REVIEW OF SA MEDICAL SCHEMES REGULATIONS URGENTLY NEEDED
 
 
Last year, SAMWUMED and Genesis Medical Scheme took the Minister of Health, Aaron Motsoaledi, to court to have the regulation requiring cover of prescribed minimum benefits (PMBs) at cost to be set-aside. SAMWUMED has subsequently withdrawn its court application on the amendment of Regulation 8 in pursuit of a negotiated agreement with the Minister.
 
According to Neil Nair, Principal Officer of SAMWUMED, both the Scheme and the industry as a whole were promised that the amendment would ensure that PMB charges would be restricted to an agreed scheme tariff. “What this would mean is that schemes would continue to pay in full for PMB conditions without benefit limits, however, these costs would be charged at a prescribed rate.”
 
Nair explains that having to pay PMB claims at whatever cost a provider charges has a negative impact on the affordability of schemes. “This is exacerbated with small to medium-sized schemes, such as SAMWUMED, which have a smaller economy of scale to negotiate with providers.”
 
He says that PMBs are definitely needed to protect members from restrictive benefit limits for life threatening illnesses and chronic conditions. “We do not want to a situation whereby members are left in the middle of their treatment without funding. The best interests of the patient should remain the priority and these treatments should be paid in full.”
 
“What needs to be made clear is that we completely support the idea that PMBs must be paid in full and that patients should not face co-payments for these services,” adds Nair. “With providers charging at a regulated/pre-determined tariff, funders will be able to quantify and measure risk. A regulated tariff will allow more money in the risk pool, which means that more beneficiaries will be able to enjoy more care and it will also allow for a more sustainable and equitable healthcare system.”
 
The best intentions of the Medical Schemes Act, particularly the PMB provisions, began to unravel in 2004. Prior to 2004 the private health services industry was content with annual price determinations negotiated between the Board of Healthcare Funders of Southern Africa (BHF, representing medical aid schemes), the Hospital Association of South Africa (HASA, representing private hospitals) and the South African Medical Association (SAMA, representing medical practitioners). The result of the annual negotiations resulted in the industry accepted BHF tariff. This negotiated tariff generally satisfied all parties and to some measure acted as a mechanism to prevent super profits in respect of all parties. It created an equilibrium of costs.
 
In 2004, however, the Competitions Commission concluded that the determination of tariffs was uncompetitive. While the Competitions Commission may well have believed that market forces would create price equilibrium, instead this resulted in a pricing free-for-all.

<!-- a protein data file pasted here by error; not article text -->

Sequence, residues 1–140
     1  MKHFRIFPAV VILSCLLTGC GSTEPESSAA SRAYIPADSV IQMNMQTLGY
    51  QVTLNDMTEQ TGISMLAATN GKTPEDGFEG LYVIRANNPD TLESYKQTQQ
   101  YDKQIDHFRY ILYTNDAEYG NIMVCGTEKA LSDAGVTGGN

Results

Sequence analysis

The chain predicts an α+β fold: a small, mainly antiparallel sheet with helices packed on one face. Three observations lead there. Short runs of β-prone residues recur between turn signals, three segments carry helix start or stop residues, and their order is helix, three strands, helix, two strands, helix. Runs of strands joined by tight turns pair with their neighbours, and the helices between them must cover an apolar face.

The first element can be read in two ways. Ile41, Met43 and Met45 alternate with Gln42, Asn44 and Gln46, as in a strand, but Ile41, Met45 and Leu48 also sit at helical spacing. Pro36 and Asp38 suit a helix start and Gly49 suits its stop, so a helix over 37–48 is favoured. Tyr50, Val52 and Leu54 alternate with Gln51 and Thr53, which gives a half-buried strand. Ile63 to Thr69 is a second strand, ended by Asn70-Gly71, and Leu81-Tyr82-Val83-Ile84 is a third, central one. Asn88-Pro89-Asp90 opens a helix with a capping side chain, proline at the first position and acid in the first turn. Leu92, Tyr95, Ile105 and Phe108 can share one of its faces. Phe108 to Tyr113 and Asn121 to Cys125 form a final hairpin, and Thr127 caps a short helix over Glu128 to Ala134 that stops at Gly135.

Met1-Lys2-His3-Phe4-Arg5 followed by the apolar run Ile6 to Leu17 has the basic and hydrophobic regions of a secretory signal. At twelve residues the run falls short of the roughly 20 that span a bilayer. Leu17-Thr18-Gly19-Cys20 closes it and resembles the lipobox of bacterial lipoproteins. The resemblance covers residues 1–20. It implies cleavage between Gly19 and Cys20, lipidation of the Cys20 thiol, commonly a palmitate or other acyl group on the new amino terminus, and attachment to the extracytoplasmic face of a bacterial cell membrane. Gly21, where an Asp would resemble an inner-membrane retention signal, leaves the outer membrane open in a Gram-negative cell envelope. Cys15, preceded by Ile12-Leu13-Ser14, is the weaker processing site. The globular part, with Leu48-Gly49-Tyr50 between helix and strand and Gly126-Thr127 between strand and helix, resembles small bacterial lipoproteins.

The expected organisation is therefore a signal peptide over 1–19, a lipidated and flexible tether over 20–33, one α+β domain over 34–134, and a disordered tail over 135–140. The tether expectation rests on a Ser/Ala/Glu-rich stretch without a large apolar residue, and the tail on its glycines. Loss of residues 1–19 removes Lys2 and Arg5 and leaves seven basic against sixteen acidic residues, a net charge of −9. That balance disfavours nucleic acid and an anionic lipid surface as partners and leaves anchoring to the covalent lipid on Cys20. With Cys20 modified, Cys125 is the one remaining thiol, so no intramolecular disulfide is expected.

Nair points out that healthcare must be separated from the market – as its structure is inherently different to other products and services, in that patients are not able to exercise choice and knowledge.
 
In 2008, the Health Professions Council of South Africa (HPCSA), withdrew its ethical tariff for healthcare professionals in favour of a more equitable benchmark tariff based on the National Reference Price List (NRPL). This was opposed by the private healthcare provider sector and resulted in the HPCSA initiative failing.
 
Nair says that while many bodies have tried to address this issue, the buck stops with the NDoH and the Minister himself to deal with the issue of managing private health costs.
 
To put this into perspective, he says that funding an unquantifiable risk is negligent as it may lead to over or under-provisioning of contributions/premiums – either could have a severe impact on sustainability.
 
“The call by organs of civil society, such as the Treatment Action Campaign (TAC), to maintain the status-quo is ill-informed,” he added. “The issue is not about limiting care, it is about an equitable cost of care. If payment at cost for PMBs prevails we would eventually have no benefits to offer any members and medical schemes would cease to exist, as health costs would simply be completely unaffordable.”
 
He says that while SAMWUMED supports NHI, something still needs to be done to deal with this issue until it is realised. “In our pursuit to ensure greater treatment and care, our responsibility is to ensure an equal playing field. Regulation of payment cannot exist without regulation of cost.”
 
“Healthcare providers, like most professions, must subscribe to a benchmark tariff, otherwise it is nothing short of ‘economic lawlessness’. Without a review of the regulations and the way that PMBs are managed in South Africa, medical scheme members will continually have to carry the burden of uncontrollable costs,” concludes Nair.

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